Not often has Chinese / Hong Kong action cinema been privy to the big budgets you see for a major Hollywood production, but following the Oscar success of Ang Lee’s acclaimed Crouching Tiger, Hidden Dragon came this lavish, beautifully filmed movie. Director Yi-Mou Zhang’s (Raise the Red Lantern) 2002 action/drama stars Kung fu star Jet Li as a lone assassin on the brink of completing his mission, who recants his journey and the foes he has overcome to be before his intended target.
Told in a series of flashbacks, what’s most notable about this is that each flashback is given its own colour scheme; sequences shot in garish red with red costumes and red tinged scenery, or blue costumes and blue scenery and so on. It’s a very effective approach and looks stunning. Add to this several visually creative fight scenes, and although the style is excessive and not exactly realistic, it gives the movie a distinct personality.
As this is mostly of the wire-enhanced style martial arts, it can occasionally look a bit silly, but under Zhang’s direction it’s cool and exciting more often than it’s not. Li is stoic throughout, but proves an effective lead, even if the more emotional and deeper performances come from Maggie Cheung (In the Mood for Love) and Tony Leung (Shang-Chi and the Legend of the Ten Rings). The story at times gets bogged down in philosophy too, and isn’t quite as engaging as I’d have liked. Regardless, this was still very entertaining and is possibly one of the best looking movies I’ve ever seen. Check it out.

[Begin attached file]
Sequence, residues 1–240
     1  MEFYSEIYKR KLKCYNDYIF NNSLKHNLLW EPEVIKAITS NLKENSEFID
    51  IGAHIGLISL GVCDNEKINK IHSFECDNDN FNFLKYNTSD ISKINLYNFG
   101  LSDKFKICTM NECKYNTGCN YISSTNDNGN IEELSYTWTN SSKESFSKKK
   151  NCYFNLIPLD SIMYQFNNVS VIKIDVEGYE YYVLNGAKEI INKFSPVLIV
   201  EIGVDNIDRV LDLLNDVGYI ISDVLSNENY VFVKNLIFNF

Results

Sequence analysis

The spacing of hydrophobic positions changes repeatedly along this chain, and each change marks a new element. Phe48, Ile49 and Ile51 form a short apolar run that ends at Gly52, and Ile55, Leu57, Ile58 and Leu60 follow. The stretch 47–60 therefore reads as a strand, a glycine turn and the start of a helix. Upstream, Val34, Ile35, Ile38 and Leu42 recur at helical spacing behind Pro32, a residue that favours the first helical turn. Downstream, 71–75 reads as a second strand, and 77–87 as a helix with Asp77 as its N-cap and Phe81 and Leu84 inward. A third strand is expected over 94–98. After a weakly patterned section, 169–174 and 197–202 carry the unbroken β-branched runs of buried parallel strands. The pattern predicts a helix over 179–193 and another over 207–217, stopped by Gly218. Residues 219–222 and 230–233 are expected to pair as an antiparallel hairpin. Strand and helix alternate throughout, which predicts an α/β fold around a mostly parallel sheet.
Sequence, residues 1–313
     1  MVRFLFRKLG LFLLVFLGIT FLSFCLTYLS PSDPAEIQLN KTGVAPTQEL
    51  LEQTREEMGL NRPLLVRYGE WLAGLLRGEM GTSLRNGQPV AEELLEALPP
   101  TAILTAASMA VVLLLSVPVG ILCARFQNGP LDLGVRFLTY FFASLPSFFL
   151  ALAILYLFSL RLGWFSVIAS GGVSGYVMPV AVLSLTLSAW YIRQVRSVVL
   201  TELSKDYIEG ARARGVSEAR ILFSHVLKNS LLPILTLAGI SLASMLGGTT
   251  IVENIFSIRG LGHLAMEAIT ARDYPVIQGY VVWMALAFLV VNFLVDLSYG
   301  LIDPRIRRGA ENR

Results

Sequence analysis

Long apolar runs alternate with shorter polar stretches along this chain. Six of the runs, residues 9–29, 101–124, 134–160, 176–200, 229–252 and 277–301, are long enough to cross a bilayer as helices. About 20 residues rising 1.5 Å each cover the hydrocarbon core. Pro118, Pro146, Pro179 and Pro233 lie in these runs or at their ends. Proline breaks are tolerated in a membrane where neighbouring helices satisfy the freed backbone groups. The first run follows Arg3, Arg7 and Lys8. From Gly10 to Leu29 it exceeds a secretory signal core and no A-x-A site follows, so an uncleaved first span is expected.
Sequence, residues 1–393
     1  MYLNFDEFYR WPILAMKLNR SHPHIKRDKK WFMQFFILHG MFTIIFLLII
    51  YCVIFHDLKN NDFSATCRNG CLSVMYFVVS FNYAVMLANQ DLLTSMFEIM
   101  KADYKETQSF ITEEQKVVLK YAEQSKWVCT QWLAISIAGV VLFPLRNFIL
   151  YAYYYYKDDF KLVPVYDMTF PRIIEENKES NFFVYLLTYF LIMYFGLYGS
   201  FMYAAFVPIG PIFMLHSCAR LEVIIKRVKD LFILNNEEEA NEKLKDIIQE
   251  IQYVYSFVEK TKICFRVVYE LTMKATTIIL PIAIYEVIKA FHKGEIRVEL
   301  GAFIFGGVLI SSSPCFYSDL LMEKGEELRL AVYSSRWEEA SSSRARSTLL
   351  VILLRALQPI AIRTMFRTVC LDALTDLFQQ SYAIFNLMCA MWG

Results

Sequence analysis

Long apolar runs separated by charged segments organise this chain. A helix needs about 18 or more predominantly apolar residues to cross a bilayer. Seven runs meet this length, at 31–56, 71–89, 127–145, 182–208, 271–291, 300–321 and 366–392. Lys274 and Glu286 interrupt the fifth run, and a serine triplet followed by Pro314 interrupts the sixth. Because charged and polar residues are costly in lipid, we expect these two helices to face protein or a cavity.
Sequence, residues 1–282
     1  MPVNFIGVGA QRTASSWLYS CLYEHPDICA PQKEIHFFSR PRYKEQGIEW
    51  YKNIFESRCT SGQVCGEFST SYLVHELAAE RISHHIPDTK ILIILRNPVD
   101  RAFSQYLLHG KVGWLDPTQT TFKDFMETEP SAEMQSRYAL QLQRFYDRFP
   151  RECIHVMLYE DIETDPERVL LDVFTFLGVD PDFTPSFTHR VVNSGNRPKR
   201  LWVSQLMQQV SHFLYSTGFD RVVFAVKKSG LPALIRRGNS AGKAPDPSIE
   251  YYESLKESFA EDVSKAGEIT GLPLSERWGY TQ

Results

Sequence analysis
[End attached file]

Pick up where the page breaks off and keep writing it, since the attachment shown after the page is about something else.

I never got around to watching the animated original, yet it had always intrigued me … but unlike some other live action Disney remakes of late, I thought this would suit such a take better. Telling the tale of a young woman in ancient China who chooses to join the Emperors army disguised as a man, after an invading army declare war.
This is a gorgeous movie, awash with vibrant colours, beautiful costumes and stunning scenery and locations. Yes, there’s an overdose of CGI and occasionally the use of green screen for backgrounds is a bit obvious, but overall this was a treat for the eyes. Martial arts star Donnie Yen appears as a general who trains up the Emperors army, and an unrecognisable Jet Li appears as the Emperor himself. Jason Scott Lee’s vengeful leader of the invading army is good but he’s overshadowed by Gong Li’s brilliantly ruthless witch, who is definitely one of the movie’s stand out characters. Yet Liu Yifei as Mulan herself is very good, tough yet vulnerable and can handle the various elaborate fight sequences and carries the movie well. Yet the star here is the direction and visuals, Action scenes are plentiful and the camera work is often unique and stylish.
The story is nothing that special though and gets rather predictable. Some of the gravity-defying fantasy aspects can get a bit silly too. Also I found myself having to suspend belief when Mulan was disguised as a man, but still looked feminine to me. However, despite these things, I was still highly entertained from start to finish. One to check out.
George Lucas’ shock sale of his beloved Star Wars to Disney seemed like a concern at one stage. Yet considering the work he’d done delivering three prequels that seemed to focus more on CGI than gripping narratives with fully fleshed out characters … perhaps it was time for another company to try their hand? The result? Well we got The Force Awakens and the rest as they say, is history. Or is it? The proposed continuation of the saga was also going to have a series of spin-off movies focusing on plots away from but connected to the main saga. So despite that last movie’s un-argued success in bringing back a once treasured franchise … it could still all go tits up.